1000 GMT December 12, 2017
According to Press TV, the agreement — a memorandum of understanding — is to be signed by Eni and the National Iranian Oil Company (NIOC) today.
The agreement will give Eni six months to study Kish gas field in the Persian Gulf and also Darkhovein oilfield in the southwestern province of Khuzestan.
Italy's biggest oil and gas firm hopes to pick up where it left off in the Darkhovin project, added The Financial Tribune. It completed the first and second development phases of the oilfield under a $550-million contract it had signed in 2001.
Eni was involved in the development of several oil and gas projects in Iran before a series of US-led sanctions barred international oil corporations from investing in the country. The Italian energy giant was involved in projects such as the development of Phases 4 and 5 of South Pars in the Persian Gulf as well as the development of Darkhovein, Doroud and Balal oilfields.
The company had submitted a proposal to develop Darkhovein's third phase and was reportedly close to finalizing a $1.5-billion agreement in 2009, but was forced to halt operations after sanctions were imposed against Iran.
Iran is reportedly drawing around 160,000 barrels per day from Darkhovein. The third phase seeks to raise daily output by an additional 50,000 barrels.
Located 30 kilometers east of Lavan Island in the Persian Gulf, Kish gas field holds an estimated 1.3 trillion cubic meters of natural gas in situ and more than 500 million barrels of gas condensate.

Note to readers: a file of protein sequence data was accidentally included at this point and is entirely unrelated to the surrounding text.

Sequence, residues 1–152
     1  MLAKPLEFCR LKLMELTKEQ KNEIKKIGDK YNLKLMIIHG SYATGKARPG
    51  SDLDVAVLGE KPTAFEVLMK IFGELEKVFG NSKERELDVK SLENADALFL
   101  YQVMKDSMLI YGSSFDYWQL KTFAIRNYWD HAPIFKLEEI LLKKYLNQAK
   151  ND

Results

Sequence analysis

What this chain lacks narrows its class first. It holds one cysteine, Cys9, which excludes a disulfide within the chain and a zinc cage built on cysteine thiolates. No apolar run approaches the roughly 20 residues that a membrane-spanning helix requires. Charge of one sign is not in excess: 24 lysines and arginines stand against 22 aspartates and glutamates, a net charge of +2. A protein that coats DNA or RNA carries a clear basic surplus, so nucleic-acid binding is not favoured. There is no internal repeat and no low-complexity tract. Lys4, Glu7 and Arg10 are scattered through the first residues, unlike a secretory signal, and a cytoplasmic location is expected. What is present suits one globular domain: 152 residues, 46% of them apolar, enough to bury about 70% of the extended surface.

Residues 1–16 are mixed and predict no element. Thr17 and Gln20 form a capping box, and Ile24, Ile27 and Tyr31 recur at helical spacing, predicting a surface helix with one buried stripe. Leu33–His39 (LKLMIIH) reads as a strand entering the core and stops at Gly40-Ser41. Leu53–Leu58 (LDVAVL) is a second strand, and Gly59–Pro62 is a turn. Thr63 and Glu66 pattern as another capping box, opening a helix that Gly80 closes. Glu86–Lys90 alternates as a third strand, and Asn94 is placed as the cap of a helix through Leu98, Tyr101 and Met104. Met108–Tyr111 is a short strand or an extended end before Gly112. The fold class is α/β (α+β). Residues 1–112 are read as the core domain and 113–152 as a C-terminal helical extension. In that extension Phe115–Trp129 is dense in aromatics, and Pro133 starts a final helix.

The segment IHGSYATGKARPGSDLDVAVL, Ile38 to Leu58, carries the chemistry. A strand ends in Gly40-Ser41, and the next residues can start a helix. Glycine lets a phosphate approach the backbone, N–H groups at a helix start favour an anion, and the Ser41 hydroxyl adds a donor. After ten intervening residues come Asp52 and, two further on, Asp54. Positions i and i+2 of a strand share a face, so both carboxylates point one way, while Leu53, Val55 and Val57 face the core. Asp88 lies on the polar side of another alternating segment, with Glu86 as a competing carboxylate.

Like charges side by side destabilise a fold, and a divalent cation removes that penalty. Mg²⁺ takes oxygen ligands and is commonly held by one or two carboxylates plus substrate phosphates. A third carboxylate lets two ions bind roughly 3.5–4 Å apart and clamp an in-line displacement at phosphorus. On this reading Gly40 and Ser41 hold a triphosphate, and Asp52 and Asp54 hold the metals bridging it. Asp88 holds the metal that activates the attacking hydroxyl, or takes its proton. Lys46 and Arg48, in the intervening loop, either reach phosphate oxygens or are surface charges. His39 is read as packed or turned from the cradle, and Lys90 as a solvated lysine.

Iran has signed a flurry of deals with Western companies over the past year since the easing of international sanctions on Tehran after an accord was reached over its nuclear program.
Iran needs foreign investment to repair and upgrade its oil and gas fields. It also seeks the transfer of technology to its oil industry after a decade of sanctions.
In November 2016, France's Total became the first oil major to sign a big deal with Tehran since the lifting of sanctions and agreed to help it develop the world's largest gas field, South Pars.
Shell signed a provisional deal in December to develop Iranian oil and gas fields South Azadegan, Yadavaran and Kish in December 2016.
Iran has named 29 companies from more than a dozen countries as being eligible to bid for oil and gas projects using the new, less restrictive contract model.
The firms include Shell, France's Total, Italy's Eni, Malaysia's Petronas and Russia's Gazprom and Lukoil, as well as companies from China, Austria, Japan and other countries.
Russia's Zarubezhneft signed an MoU to conduct feasibility studies on two joint fields in the west of the country.
Norway's International Aker Solutions Company signed an MoU to modernize Iran's oil industry.
In May 2016, Austria's OMV signed an MoU for projects in the Zagros area in western Iran and the Fars field in the south.
South Korean Daewoo Engineering and Construction (Daewoo E&C) signed an MoU to construct an oil refinery in Bandar Jask, on the southern coast of Iran.
Italy's Saipem signed MoUs to cooperate on pipeline projects, upgrading of refineries and development of Tous gas field in the northeastern province of Khorasan Razavi.
Norwegian oil and gas company DNO said it was the second Western energy company after Total to sign a deal with Iran under which it agreed to study the development of the Changuleh oilfield in western Iran.
Lukoil, Russia's second biggest oil producer, hopes to reach a decision on developing two new oilfields in Iran.
Germany's Siemens AG signed an MoU in May to overhaul equipment and facilities at Iran's oil operations and refineries.
BASF's Wintershall oil and gas exploration subsidiary signed an MoU with the National Iranian Oil Company in April 2016.